What parts of Blaine County are not considered wildlife habitat or key migration corridors?
That question, along with a host of others, will need to be answered in the county Planning and Zoning Commission's review of the final three 2025 ordinances, which will resume Thursday night at 6:30 p.m. in the Old County Courthouse in Hailey.
The 2025 planning process was sparked in January 2005 to determine how and where Blaine County should grow over the next 20 years.
The massive undertaking, which has been hotly debated among citizens and government officials, includes a total of seven ordinances intended to curb future growth in the county's rural, riparian and wildlife areas while encouraging it closer to the cities.
The first four 2025 ordinances—representing an overhaul of the county's zoning laws—were approved by county commissioners June 29 and became law July 5, six days before a 19-month moratorium on subdivisions expired. Among other things, the new ordinances have slashed development potential in the south county and other areas considered rural or remote from one unit of development per 10 or 20 acres to one unit of development per 40 acres.
The final three ordinances deal with riparian, wetlands and wildlife setbacks and the zoning of public land. The latter is designed to significantly downzone public lands in the event of a future federal land sale. Unlike the first four ordinances, the final three are not moratorium-sensitive, which is beneficial since the P&Z's initial review of the final three ordinances on June 22 created more questions than it answered.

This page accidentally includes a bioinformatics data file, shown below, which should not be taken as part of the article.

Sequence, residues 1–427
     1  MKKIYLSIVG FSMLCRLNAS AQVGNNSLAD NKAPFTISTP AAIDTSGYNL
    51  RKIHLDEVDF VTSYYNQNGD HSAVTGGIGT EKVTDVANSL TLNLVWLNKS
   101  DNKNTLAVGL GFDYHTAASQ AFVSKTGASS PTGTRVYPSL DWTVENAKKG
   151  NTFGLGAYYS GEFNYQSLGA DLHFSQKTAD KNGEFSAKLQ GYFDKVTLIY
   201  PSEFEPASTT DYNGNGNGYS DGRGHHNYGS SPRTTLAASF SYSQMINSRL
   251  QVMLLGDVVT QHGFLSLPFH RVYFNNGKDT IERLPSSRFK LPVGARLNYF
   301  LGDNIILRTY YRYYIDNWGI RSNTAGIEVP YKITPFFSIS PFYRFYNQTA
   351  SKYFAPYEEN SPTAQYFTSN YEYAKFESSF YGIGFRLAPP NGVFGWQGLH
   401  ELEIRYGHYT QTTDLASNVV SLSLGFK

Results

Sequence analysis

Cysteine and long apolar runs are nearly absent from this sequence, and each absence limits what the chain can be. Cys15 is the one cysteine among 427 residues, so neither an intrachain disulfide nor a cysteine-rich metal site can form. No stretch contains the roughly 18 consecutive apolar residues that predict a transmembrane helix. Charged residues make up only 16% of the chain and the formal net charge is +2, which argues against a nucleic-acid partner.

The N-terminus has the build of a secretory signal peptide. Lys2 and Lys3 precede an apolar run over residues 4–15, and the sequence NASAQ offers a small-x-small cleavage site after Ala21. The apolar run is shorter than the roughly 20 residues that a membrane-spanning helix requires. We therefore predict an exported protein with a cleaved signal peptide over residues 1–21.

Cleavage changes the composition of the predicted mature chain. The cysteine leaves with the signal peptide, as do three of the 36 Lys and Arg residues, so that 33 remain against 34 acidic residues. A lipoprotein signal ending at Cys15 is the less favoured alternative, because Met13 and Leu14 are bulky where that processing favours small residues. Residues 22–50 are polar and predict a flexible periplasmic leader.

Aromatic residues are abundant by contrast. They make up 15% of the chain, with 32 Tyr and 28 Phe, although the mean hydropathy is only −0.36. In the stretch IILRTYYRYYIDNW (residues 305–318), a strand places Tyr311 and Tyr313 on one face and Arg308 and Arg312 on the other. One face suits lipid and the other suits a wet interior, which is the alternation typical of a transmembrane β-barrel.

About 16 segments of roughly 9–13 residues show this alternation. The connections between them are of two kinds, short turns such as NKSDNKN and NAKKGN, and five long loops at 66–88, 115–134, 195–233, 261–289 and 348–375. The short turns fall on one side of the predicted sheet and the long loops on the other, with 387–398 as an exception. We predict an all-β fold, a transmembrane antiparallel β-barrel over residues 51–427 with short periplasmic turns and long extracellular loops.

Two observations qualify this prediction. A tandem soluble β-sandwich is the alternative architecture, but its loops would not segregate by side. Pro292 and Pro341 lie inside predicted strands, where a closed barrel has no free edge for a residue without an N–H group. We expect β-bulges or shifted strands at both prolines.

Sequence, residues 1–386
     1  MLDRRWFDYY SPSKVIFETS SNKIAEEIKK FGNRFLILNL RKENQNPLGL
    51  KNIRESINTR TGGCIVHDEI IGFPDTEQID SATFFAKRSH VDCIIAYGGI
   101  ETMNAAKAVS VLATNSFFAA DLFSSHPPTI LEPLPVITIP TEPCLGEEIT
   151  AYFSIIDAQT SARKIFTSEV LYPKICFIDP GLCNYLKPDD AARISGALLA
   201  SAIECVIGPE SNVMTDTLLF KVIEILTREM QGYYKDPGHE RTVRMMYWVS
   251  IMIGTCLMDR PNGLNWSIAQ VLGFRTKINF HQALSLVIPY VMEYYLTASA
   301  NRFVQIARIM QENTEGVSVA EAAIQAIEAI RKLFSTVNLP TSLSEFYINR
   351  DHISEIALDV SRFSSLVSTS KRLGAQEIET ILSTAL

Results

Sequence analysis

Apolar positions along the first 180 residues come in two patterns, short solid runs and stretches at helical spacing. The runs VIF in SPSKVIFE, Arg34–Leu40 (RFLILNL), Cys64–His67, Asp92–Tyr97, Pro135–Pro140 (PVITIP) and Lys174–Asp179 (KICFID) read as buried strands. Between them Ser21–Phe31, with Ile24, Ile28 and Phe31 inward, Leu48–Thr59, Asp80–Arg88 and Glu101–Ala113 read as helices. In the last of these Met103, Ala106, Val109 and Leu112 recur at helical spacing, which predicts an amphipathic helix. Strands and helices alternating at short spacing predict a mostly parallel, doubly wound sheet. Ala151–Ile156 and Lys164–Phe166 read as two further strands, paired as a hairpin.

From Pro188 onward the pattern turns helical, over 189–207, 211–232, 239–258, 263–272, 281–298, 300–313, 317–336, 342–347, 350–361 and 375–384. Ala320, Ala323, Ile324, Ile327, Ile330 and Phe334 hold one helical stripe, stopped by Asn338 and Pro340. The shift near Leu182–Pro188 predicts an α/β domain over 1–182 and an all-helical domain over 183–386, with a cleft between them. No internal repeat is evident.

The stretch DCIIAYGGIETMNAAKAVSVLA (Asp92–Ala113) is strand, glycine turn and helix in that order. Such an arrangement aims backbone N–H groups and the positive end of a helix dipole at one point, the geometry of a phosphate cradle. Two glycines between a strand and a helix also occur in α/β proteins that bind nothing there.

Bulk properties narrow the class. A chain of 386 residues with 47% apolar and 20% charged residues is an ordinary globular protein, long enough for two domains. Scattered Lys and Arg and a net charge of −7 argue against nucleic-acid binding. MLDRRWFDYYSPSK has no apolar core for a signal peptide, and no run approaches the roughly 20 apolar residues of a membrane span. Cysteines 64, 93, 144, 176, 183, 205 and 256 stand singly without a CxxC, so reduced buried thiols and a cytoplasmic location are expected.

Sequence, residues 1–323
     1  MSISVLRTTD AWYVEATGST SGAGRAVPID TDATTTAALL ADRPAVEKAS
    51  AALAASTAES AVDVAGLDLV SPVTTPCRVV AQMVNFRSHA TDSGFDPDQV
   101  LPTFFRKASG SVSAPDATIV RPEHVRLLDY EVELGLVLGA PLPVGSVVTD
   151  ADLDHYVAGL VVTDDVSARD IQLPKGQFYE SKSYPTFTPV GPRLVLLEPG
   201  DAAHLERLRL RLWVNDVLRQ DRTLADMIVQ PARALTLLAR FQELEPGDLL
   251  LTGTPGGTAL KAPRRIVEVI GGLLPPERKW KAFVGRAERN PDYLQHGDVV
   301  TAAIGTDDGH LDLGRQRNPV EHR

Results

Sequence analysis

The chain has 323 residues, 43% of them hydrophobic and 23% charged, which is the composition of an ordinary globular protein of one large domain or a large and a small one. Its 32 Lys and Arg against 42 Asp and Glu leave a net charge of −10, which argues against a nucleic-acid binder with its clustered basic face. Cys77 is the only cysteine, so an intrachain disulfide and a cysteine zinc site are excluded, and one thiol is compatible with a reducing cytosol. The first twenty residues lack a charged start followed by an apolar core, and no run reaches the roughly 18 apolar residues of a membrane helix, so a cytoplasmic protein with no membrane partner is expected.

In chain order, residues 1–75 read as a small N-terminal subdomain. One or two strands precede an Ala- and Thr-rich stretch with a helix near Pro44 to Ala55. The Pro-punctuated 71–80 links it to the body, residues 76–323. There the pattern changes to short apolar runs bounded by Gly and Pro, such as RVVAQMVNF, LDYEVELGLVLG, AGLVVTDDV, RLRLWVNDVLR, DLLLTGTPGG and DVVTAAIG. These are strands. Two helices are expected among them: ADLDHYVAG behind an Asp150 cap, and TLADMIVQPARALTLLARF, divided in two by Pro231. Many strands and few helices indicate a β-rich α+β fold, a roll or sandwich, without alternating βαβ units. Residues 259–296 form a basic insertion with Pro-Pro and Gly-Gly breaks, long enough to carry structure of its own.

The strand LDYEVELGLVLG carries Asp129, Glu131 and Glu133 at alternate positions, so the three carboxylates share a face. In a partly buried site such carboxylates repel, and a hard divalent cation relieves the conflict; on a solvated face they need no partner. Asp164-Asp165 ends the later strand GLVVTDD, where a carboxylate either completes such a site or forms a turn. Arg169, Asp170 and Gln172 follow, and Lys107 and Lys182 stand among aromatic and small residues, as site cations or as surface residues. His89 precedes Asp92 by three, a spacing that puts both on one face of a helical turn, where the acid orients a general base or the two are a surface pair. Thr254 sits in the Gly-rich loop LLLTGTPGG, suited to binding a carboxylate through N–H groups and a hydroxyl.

In that hearing, citizens and P&Z members both expressed concern that the language in the ordinances was overly confusing and would present serious challenges in the future.
"I'm overwhelmed with how these ordinances would be administered," P&Z Chairman Larry Schoen said in June. "I'm an advocate for protecting these resources, but we need to figure out a way to do it.
"I'm looking for a simpler approach."
Other P&Z members agreed.
"Any time you get to an area where you add layers of complexity a red flag needs to come up," said P&Z Commissioner Doug Werth.
P&Z Commissioner Jerry Allred said, "I don't think we should even look at Ordinance 6 until we have a map."
Ordinance 6 proposes setbacks up to a quarter mile from areas identified as wildlife corridors or severe winter range—habitat deemed critical to wildlife survival during exceptionally cold or snowy winters.
Determining those setbacks relies heavily on mapping from the Idaho Department of Fish and Game, and the department has yet to complete them. A Fish and Game representative will give an update on the mapping during Thursday night's hearing.
There's also concern over the language in the riparian setback ordinance.
"The real thorny detail and ugly parts of these ordinances occur when you get into existing situations—existing lots and houses," said P&Z Commissioner Chip Bailey. "It's my feeling that these belong in the subdivision ordinance."
That issue, as well as several others including land-use laws pertaining to maximum and reasonable use of private property, will be discussed in Thursday's hearing. The commissioners also plan to review the public land zoning ordinance.